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The Rustaq Loop

My tiny off-road adventure last weekend got me excited about getting out and about in Oman, so with Eid upon us and work closing down for a couple of days, I headed back out onto the open road to take in some castles and some amazing wadis. The Rustaq Loop is west of Muscat and runs from the fishing village of Barka on the coast, through the foothills of the Western Hajar mountains and spits you back out onto the coastal highway back to Muscat.

Nikhal Fort

The first village on the loop is Nakhal, a small town tucked up against the Hajar Mountains with a prominent fort on a rocky outcrop. Nakhal Fort sits with a fantastic backdrop of Jebel Nakhal and date palm plantations below – your typical desert rocky landscape with oasis levels of greenery around! I wasted no time in working my way through the corridors and stairwells of the fort to reach the highest watchtower. There’s an incredible view over the plain that the village sits at the edge of and I could see the road I was about to follow, twisting towards the mountains.

Wildlife in the Ghubrah Bowl was thriving

I wrapped it up at Nakhal Fort when I realised how hot I was getting and needed the safety of my refrigerated car! Once in, blowers on full, I headed off for Wadi Mistal. As I approached the wadi, a car flashed me a few times and sped past me. Further up ahead, he dropped off two men and a goat, spun round and came back towards me giving me the thumbs up! As I approached the men… and the goat, I slowed down out of curiosity and as I passed them, they then started jogging after me. It was at that point that I realised they wanted a lift… and that goat was NOT getting in my car! Although I felt bad, I carried on driving. The wadi led to the Gubrah Bowl, a flat plain enshrined by mountains. The bowl must be at least 15km across with air that was so clear compared to the haze that was present down the coastline. The track through the middle of the bowl was a good graded dirt track, that although needed a 4×4, didn’t test it! Thankfully. I only came across a handful of other cars along the road, all of which were local Omani men driving, who smiled and waved enthusiastically at me like a long lost friend!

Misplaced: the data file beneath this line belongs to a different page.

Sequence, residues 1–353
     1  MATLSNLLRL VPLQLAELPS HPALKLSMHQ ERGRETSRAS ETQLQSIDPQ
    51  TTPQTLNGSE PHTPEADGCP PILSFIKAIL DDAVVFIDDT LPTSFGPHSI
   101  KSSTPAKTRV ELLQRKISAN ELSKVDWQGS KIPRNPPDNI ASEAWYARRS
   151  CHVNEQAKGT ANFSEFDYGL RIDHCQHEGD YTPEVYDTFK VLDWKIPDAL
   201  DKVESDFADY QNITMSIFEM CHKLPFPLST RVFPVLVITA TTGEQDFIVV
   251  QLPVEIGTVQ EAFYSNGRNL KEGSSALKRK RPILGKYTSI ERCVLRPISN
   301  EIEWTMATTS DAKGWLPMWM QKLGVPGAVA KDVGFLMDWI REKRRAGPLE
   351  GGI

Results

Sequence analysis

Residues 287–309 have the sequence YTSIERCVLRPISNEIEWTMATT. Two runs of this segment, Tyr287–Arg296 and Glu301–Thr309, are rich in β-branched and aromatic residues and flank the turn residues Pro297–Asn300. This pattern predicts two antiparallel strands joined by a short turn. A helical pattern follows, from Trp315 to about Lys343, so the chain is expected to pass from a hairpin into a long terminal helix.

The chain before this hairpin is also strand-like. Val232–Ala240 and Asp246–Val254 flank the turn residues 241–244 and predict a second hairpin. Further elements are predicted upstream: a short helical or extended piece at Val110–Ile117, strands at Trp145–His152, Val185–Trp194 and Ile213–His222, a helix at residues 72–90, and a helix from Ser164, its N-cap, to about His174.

View from Wekan over the Ghubrah Bowl

At the other end of the bowl, I approached the steep climb up the slope to Wekan, a small village, literally perched on the hillside. This road did test the 4×4. The winding track forced me to move the car into the lo-torque mode to provide enough power to push the behemoth over some of the sections of track. There were moments where you had to trust your memory as to what was below the bonnet as you rode over a hump and a turn in the road! Really makes you aware of the lie of the land ahead! At times, it was so remote that it felt like you were driving up to a monastery in the mountains. The village at the top was worth the wait. Barely accessible, this little village of what must have been 20 houses, if that, was so remote that I wondered where their supplies came from! A watchtower at the entrance to the village gave an amazing viewpoint over the track I’d just climbed and the Gubrah Bowl I’d travelled across – what a view! I had a quick walk around the village, where kids were a little surprised to see me, a white man?! Their chuckles and whispers confirmed that, but they were playful enough and ran off into side alleys laughing when I tried saying hello to them. The locals I walked passed wished me Eid Mubarak and smiled, making me feel like I wasn’t intruding in their village. I smiled and returned the greeting, holding myself back from throwing my arms in the air and shouting the greeting like you would “Happy Hanukkah!”.

Heading for the exit of Wadi Mistral

My drive back down the valley was less unnerving and easier as I could see the turns in the road! As I approached the narrow valley to exit the wadi I passed the two men and the goat, who had tried to hitch a lift with me on the entrance to the wadi – sadly, no one else had given them a lift.

Al Aliya at the very end of Wadi Bani Kharous

With time pressing on, I pushed on to Wadi Bani Kharous, my final stop for the day, and a relatively short one it was too. The wadi was beautiful, with small villages dotted all the way along and before I knew it, I was at the end in Al Aliya. The wadi floor was covered in date palm plantations, irrigation channels and the main wadi dry riverbed through the middle. So, although a short trip in this wadi, it was a great one to end the day with (bar the 2 hour trip home!).

Nakhal Fort: 23.3946926N, 57.8287157E

Wekan: 23.1433848N, 57.7350235E

Al Aliya: 23.1860731N, 57.6313656E

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2 comments on “The Rustaq Loop

  1. It sounds very interesting, the scenery reminds me of Aden, I recall climbing a large hill or small mountain of loose shale in the midday heat & when my mate & I reached the top we had a fantastic view of the Gulf & all the oil tankers going to & from the oil terminals in the gulf or on their way back to the UK, we were exercising with the Cameron Highlanders in the desert on Yemeni territory, & at that time the army were fighting the Yemeni, they had quite a few relics they had captured, old muskets etc etc

  2. […] was a wadi! The route lead us from Muscat to Fanja, and then a road linked Fanja through a wadi to Nakhal, where we wanted to end up. I'd already visited Nakhal Fort, but it's a superb […]

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